In my No Name project I deliberately use simple archaic silhouettes of the ancient vessels, linking historical traditions to the modern role of women in contemporary society. I combine wheel throwing and “urdido” sculpting, one of the most ancient methods still used in many parts of the world, mainly by women.

My vessels are full-bodied in shape and form. Colors and surfaces are inspired by makeup aesthetics. It is my gender-related commentary linked to a so-called truly “feminine touch” and a way to pay homage to the women who have gone unnamed in the world of ceramics. Every piece is an embodiment of something that I as a woman encounter in my daily routine dictated by gender socialization and hierarchies of a binary nature.

no name moodboard

Black and white stoneware, wild clay, rocks, ashes
H 8 cm, D 12 cm
Hamburg 2018

The project “Tranquility” invites you on an aesthetic journey that appeals equally to eyes and hands, with works in which material and consciousness are experimentally interlinked.

“Tranquility” is a lot about perfect imperfection. Experimental ingredients applied layer by layer to the vessel body and often subjected to multiple firings up to 1300° C drive the material to its limits. Inspired by the concept of Wabi-Sabi, which shows how to find beauty in simplicity and not-so-perfect aspects.
It was exclusively made for the Japanese concept store Akiko in Hamburg.

Stoneware, glaze
Palma de Mallorca 2019

My ceramics journey started with summer workshops at the Joan Miró Foundation in Mallorca. Here I learned slipcasting, firing in a gas kiln, working with porcelain and mixing glazes using recipes from Josep Artigas, a ceramicist who collaborated with Joan Miró in their ceramic works. Years later the circle was closed when I was invited to make a pottery collection for the newly open café at the Foundation. As a base I used the glaze number 640 from the Artigas glaze book and developed a color palette inspired by the typical Mallorquin colors such as a marés sandstone, pine green and the Mediterranean sea blue.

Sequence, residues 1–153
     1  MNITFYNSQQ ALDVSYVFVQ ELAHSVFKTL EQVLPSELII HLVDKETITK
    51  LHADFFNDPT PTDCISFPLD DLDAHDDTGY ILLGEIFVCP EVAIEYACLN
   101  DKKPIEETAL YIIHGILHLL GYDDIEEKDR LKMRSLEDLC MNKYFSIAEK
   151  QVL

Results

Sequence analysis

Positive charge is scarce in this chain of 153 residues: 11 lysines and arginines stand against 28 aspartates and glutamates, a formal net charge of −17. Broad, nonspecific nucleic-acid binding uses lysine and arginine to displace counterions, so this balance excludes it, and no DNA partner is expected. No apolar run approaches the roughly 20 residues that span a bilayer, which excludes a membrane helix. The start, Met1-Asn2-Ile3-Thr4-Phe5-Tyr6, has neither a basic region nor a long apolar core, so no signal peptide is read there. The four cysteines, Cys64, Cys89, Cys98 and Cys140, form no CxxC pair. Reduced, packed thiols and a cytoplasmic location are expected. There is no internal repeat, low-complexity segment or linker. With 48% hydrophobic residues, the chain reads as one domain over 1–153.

In the first two weeks of my residency I was wheel-throwing all the pieces of the collection. After well drying and sanding we did the first bisque firing in the Miró Foundation gas kiln at a temperature of 950°C.

Glazing was absolutely fun. I was inspired by Joan Miró's drawing technique by splashing or pouring the paint straight on the canvas using a bucket. I was lucky to glaze my work outside in the patio of the Son Boter workshop building, enjoying the same view Miró once had.

The second firing was up to 1280°C, it took around 12 hours to achieve the temperature and 12 hours more of cooling before opening the kiln and finally checking the result.

It was a big challenge for me to make this project happen in just 4 weeks during my residency time, but at the same time it was a big joy to breathe in the atmosphere of creation in the studios where Joan Miró lived and worked in his last years.

Arina Antonova Studio
visits by appointment only
07001 Palma de Mallorca